2018 in review part 4: the finals

This is the fourth article in a series of five where our columnists will be reviewing season 2018, beginning with the 2017 post-season through to the conclusion of the 2018 finals.

Part 1Part 2Part 3 - Part 4

Without Franklin, we’re fried. Many of us like Phil Davis. He’s a quality defender and seems like a good bloke.

However, we all wished an alien spaceship had landed on the SCG and whisked him away during the Sydney Swans’ ill-fated elimination final against GWS.

Otherwise he wouldn’t have shown a packed ground and hundreds of thousands more TV viewers a stark and painful truth - that the Swans rely far too much on headline-pulling, marketers’ dream, forward Lance Franklin.

And when Buddy is playing injured - as he clearly was on September 8, hampered by an ongoing hip problem - he’s going to have his pants pulled down by a player of Davis’s quality.

Buddy Franklin battles against the GWS defence in the 2018 AFL finals series

Remarkably, given Franklin’s obvious movement problems early in the match and Davis’s dominance, Sydney players continued trying to use this avenue to goal when it clearly wasn’t working.

"There's a big reliance upon Lance and we don't want that to continue to happen, we want to change it and we'll try and change it," coach John Longmire said after the game, stating the bleeding obvious.

Even more remarkably, the mis-match between Davis and Franklin was overshadowed by the Swans’ collective miss-fire on the night.

As a finals ‘campaign’ it was a nightmare that twitching, moaning Swans fans never woke up from.

The Giants were undeniably impressive and kicked eight straight goals in the second and third quarters to give the Swans a 10.19 (70) to 4.6 (30) hiding and advance to a semi-final against Collingwood.

Embarrassingly, the 49-point margin flattered the home team, with the Giants wayward in front of goals.

These stats probably still make you cringe, months later, but to re-cap:

  • Sydney did not kick a goal between the seven-minute mark of the second quarter and the 23-minute mark of the last.
  • Their four goals for the match – two of which came in junk time - was their lowest score as the Sydney Swans in a final (narrowly avoiding beating their all-time lowest finals score of 3.8 (26) in the 1899 grand final against Fitzroy.)
  • They were hammered in disposals (338-415), contested possessions (125-163) and inside 50s (39-63).
  • The Swans recorded seven losses at the SCG over the season - the first time this has occurred since 2000.

GWS exerted Sydney-like pressure on the Swans from the first whistle and were relentless all over the ground, with Toby Greene causing havoc for Sydney defender Zak Jones.

Greene had 27 disposals, kicked three goals and took nine marks, to the chagrin of Swans supporters with no love for the high-kicking, aggravating small forward.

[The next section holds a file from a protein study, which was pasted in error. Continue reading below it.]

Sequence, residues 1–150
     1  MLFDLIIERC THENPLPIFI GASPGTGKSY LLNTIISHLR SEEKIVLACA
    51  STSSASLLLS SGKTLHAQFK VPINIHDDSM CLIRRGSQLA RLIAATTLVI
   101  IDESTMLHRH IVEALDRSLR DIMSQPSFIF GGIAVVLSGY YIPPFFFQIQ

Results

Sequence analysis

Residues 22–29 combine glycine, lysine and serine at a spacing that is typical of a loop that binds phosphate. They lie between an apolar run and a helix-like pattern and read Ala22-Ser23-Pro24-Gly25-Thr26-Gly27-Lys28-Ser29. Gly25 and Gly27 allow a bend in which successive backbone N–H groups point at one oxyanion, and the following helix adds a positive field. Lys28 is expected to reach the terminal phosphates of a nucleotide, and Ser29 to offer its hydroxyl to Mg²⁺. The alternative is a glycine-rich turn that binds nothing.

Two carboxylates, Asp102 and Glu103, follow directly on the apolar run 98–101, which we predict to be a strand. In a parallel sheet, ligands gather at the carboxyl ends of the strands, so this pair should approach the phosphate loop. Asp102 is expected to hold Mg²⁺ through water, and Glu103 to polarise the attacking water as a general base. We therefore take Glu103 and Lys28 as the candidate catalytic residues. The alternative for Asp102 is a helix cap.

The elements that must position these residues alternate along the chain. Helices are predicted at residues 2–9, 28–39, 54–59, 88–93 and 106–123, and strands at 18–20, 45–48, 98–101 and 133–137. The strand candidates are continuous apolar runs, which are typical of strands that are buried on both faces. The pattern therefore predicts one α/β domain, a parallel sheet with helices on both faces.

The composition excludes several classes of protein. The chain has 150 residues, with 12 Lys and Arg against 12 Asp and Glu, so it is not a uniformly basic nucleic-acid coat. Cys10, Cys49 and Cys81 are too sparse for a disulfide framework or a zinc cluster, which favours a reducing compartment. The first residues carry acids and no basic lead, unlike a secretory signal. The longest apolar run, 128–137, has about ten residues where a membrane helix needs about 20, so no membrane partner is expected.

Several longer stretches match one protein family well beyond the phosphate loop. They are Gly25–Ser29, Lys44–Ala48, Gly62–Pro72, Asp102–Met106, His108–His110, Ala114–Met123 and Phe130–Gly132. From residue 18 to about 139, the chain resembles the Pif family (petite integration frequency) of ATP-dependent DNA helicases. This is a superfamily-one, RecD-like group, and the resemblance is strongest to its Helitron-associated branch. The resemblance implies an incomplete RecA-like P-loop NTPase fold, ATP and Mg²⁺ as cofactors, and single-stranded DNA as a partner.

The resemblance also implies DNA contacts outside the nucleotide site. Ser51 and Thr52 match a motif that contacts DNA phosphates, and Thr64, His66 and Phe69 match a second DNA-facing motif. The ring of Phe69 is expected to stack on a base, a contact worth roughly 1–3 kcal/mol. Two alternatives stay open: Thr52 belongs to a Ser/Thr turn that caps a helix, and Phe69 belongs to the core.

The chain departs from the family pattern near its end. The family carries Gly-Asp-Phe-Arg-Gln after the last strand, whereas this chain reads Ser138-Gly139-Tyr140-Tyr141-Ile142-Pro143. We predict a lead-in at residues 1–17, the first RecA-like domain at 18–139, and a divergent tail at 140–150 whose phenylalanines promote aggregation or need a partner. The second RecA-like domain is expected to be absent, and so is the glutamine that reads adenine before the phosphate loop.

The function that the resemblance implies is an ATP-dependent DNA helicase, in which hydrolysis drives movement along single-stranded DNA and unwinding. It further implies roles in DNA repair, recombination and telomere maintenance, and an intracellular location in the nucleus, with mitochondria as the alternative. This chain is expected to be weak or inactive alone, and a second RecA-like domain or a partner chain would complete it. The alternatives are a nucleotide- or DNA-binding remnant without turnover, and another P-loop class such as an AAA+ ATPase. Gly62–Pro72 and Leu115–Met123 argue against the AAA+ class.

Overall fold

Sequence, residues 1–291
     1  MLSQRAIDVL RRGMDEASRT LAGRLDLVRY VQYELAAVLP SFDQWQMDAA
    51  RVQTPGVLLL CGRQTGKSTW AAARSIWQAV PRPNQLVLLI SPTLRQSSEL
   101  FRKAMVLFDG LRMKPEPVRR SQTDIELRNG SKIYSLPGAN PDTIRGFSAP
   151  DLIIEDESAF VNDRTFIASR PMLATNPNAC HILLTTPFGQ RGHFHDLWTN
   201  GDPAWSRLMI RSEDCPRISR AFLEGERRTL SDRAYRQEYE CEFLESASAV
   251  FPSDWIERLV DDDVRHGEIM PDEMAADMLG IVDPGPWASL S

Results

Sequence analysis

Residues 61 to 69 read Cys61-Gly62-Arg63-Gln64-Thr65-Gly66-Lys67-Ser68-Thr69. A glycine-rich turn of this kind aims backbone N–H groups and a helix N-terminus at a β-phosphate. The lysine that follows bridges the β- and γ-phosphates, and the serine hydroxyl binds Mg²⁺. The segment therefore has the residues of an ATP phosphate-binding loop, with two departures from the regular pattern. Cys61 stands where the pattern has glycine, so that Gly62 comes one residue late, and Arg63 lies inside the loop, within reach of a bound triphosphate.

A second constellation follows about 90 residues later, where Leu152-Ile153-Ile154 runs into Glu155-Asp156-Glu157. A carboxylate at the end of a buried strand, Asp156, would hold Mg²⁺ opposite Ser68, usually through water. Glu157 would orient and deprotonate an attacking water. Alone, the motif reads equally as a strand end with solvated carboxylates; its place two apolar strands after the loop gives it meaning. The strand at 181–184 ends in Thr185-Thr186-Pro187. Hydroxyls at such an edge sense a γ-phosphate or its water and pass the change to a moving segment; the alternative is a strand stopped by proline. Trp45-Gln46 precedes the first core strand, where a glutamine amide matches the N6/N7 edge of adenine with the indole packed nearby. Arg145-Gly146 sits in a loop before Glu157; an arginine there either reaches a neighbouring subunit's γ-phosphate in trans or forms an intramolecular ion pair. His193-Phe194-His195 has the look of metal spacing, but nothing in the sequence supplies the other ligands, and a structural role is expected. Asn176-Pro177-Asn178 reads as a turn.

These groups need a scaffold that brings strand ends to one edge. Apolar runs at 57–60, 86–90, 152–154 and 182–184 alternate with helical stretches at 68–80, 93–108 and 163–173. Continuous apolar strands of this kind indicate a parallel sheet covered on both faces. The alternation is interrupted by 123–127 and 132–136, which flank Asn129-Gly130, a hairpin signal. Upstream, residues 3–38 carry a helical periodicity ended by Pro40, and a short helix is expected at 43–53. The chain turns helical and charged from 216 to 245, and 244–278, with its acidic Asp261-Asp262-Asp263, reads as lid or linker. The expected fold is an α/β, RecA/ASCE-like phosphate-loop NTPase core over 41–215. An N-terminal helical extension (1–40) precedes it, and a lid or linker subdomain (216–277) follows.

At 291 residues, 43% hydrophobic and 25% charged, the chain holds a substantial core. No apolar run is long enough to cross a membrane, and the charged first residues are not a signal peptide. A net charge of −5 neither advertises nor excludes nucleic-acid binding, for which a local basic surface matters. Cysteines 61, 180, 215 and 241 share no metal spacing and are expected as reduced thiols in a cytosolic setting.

Sydney’s midfield was comprehensively beaten, with opposition mids Callan Ward and Lachie Whitfield running rampant. Young forwards Will Hayward and Tom McCartin couldn’t get their hands on the ball and their delivery into the forward-line was haphazard and at times, just plain sloppy.

"Nothing went right for us and everything went wrong," Longmire said.

"When you talk about contested ball, tackles, we couldn’t hit a target forward of centre, when we did hit a target we fumbled and we didn't win any contests forward of centre.

"We just didn't get anything right."

Dan Hannebery (24 possessions, 10 contested, eight marks and five clearances) and captain Josh Kennedy (27 touches) tried hard throughout, while Aliir Aliir started well with a series of fine first-quarter marks, but his ground ball work was average and the Giants stopped bombing the ball in long into their forward 50, negating his influence.

Harry Cunningham’s run on the wing was generally good and was probably the best of a poor Swans bunch with 25 disposals at 84% efficiency and seven marks.

Of Sydney’s four paltry goals, Tom Papley kicked two of them. He was the home side’s most dangerous forward, on the rare occasions when the ball made it into the 50m arc.

It was a disappointing and frustrating end to season 2018 for Sydney, but not probably not unexpected given the changing on-field rotation caused by serious injuries to key position players (Sam Reid, Callum Mills, Lewis Melican, Sam Naismith and later in the season, Nick Smith), the decline of senior players (Kieren Jack, Hannerbery) and intermittent health/family problems for Gary Rohan, Heath Grundy and the phenomenally unlucky Alex Johnson.

Sydney’s results varied from awesome (generally away from home - they beat all top 8 opponents except Richmond!) to atrocious (Gold Coast…).

The talented youngsters Hayward, McCartin and Ben Ronke, were tired by season’s end and (with apologies to these players’ mothers), some in the Swans’ selected best 22 were not, actually, best 22 players in the NEAFL let alone AFL.

Rating: F

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Heather Quinlan

Communications specialist; former SMH journalist. Views my own. Loves: family, Sydney Swans, good food, sport and exercise, no particular order

Snowy Mountains, NSW

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